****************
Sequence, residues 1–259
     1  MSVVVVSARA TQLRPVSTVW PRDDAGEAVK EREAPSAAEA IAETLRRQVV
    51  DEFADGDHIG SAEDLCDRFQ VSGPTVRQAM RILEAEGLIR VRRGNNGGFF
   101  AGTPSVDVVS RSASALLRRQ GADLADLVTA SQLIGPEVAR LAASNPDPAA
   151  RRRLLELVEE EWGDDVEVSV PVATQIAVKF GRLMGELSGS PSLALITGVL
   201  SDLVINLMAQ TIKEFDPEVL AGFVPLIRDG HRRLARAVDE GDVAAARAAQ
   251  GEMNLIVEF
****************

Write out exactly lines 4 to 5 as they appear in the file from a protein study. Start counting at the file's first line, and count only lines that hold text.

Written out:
   101  AGTPSVDVVS RSASALLRRQ GADLADLVTA SQLIGPEVAR LAASNPDPAA
   151  RRRLLELVEE EWGDDVEVSV PVATQIAVKF GRLMGELSGS PSLALITGVL